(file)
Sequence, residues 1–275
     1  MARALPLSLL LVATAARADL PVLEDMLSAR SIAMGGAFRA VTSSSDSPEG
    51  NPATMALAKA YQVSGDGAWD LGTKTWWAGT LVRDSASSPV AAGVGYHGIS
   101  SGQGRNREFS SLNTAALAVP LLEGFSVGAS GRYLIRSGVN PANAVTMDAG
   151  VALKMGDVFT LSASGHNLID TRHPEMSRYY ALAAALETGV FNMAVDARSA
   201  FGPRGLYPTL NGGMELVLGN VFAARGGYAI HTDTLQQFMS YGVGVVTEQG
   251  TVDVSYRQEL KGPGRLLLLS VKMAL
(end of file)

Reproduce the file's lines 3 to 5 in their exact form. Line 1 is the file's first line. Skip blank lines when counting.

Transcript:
    51  NPATMALAKA YQVSGDGAWD LGTKTWWAGT LVRDSASSPV AAGVGYHGIS
   101  SGQGRNREFS SLNTAALAVP LLEGFSVGAS GRYLIRSGVN PANAVTMDAG
   151  VALKMGDVFT LSASGHNLID TRHPEMSRYY ALAAALETGV FNMAVDARSA